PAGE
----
To me “cooking for one” and perhaps a date means a well stocked pantry with dependable, preserved ingredients. One of my own favorite things to play with is canned fish; but most particularly high quality imported tuna from Spain. As much as I like Italian tuna the quality of the Spanish product far surpasses it. We like Ortiz and As Do Mar labels. Usually we are talking about “bonito del norte” and the various ways it’s caught, butchered and tinned in olive oil. It’s a lengthy subject.
But I first discovered this preparation of pantry tuna, tomato and pasta in a Marcella Hazan cookbook more than twenty years ago and thought “what a cool idea”. But I’ve learned over time, that it’s not a Marcela invention and that other Italian cooks have their own riffs on it as do I.
The heart of the dish is the tuna. Don’t even think about substituting Starkist for even one single second. Tuna like this can be expensive with “ventresca” being the priciest. And the anchovies need to be good also. "Pizza anchovies" have no place in this. —pierino
Test Kitchen Notes
Since this pasta dish uses pantry staples, it's the perfect dinner for a weeknight when you're pressed for time. We loved that it was so simple to prepare; the pasta cooked while the sauce was simmering away. The tuna and olives (we used Kalamata), when combined with the melty anchovies, make a tangy, pleasing flavor combination. Using a high-quality tuna is important, as it better retains its meaty texture to make the dish more substantial. As an added bonus, the dish was great reheated as leftovers for lunch. This will certainly become a regular addition to our quick-and-easy dinner rotation! —kitchen_ninja
4 to 7 oz tin of oil packed tuna (depending on your appetite, and what you can source)
(about 8 oz) good quality canned, diced tomatoes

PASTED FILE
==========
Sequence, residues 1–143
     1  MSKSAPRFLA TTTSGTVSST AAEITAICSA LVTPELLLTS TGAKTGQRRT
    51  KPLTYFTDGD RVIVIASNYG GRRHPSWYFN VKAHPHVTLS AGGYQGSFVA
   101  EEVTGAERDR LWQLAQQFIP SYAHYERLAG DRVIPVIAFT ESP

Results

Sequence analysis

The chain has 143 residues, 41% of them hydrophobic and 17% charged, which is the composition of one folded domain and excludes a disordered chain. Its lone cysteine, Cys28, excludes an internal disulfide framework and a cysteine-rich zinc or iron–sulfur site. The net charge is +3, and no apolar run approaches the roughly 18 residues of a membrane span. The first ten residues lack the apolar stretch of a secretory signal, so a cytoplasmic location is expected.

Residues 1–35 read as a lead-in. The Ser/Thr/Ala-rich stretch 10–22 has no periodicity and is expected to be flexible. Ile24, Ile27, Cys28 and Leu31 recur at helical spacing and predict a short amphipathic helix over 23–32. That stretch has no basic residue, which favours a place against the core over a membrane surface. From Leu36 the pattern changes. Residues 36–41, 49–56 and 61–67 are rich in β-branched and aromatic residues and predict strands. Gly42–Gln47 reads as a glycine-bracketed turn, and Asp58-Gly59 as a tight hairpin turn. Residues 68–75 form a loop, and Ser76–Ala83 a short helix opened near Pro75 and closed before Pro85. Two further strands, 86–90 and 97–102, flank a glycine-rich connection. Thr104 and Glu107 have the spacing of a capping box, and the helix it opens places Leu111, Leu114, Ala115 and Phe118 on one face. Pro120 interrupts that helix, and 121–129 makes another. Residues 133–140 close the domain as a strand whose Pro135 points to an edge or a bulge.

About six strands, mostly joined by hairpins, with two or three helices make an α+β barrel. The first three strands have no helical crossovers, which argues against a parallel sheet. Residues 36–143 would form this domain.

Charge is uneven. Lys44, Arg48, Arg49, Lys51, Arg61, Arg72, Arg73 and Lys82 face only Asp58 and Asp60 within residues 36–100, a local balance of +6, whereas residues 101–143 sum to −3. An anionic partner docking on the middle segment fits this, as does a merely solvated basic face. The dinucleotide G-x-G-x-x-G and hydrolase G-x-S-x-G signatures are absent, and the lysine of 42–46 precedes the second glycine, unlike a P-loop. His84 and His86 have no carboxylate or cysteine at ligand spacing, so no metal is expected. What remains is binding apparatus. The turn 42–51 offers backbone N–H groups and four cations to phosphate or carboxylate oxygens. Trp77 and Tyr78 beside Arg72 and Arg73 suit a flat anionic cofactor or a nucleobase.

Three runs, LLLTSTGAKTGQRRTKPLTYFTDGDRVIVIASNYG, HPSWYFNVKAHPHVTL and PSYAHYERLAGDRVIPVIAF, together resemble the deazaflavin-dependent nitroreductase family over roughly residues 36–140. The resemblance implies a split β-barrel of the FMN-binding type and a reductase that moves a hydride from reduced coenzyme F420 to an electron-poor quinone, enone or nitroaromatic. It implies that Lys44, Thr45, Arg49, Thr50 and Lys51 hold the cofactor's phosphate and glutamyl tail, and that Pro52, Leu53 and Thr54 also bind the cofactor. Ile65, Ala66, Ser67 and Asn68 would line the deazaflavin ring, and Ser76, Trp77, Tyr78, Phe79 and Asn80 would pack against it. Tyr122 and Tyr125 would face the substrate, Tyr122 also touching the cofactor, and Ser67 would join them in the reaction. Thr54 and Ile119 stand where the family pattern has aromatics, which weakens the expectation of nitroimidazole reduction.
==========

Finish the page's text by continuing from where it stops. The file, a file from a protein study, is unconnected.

anchovies (use, jarred ones please)
capers (salt preserved variety) soaked in cold water to rinse
cup pitted olives of your preference (or not pitted, you know the pits are in there and don't care)
generous handful of spaghettini or similar strand like shape, as much as you think you can eat on your own
If you have fresh basil growing, a handful of that in chiffonade is fine to add but optional
Olive oil for the pan
Salt and pepper
In This Recipe
Instructions and insurrections:
Cover the bottom of your 12” skillet with olive oil and bring up to a shimmer, meanwhile chop up the anchovies
To the pan add the garlic, just to color, without letting the pan get too hot; add the anchovies and stir with a wooden spoon until they just melt
Add the tomatoes and stir until everything just begins to simmer
After about 10 minutes of simmering add the olives and the drained capers and at this point get your pasta water boiling
After another 5 minutes or so, add the tinned tuna (be sure to remove it from the can first) and drizzle in any residual oil. Stir well and season with salt and pepper and continue to simmer
If your pasta water is now boiling, hit it with some salt and then cook the pasta until just al dente. Now drain the pasta using your preferred method and transfer it to the sauce, not vice versa. Cook for under a minute more. Now would be the time to add some basil chiffonade if you happen to have any.
Note to cook: there is no reason to over embellish this dish. Go ahead and tweak it if you like. I did, many times. The key is that the tuna and tomato should sing in harmony with the capers and olives in the chorus and the anchovy as the deep, barely audible bass sound. This is so damn easy but so damn good. If you reach for a cheese grater you will be arrested. By all means look up the Marcela Hazan recipe with the caveat that ours is quite different, but it’s what launched me down this twenty year road.
Standup commis flâneur, and food historian. Pierino's background is in Italian and Spanish cooking but of late he's focused on frozen desserts. He is now finishing his cookbook, MALAVIDA! Can it get worse? Yes, it can. Visit the Malavida Brass Knuckle cooking page at Facebook and your posts are welcome there.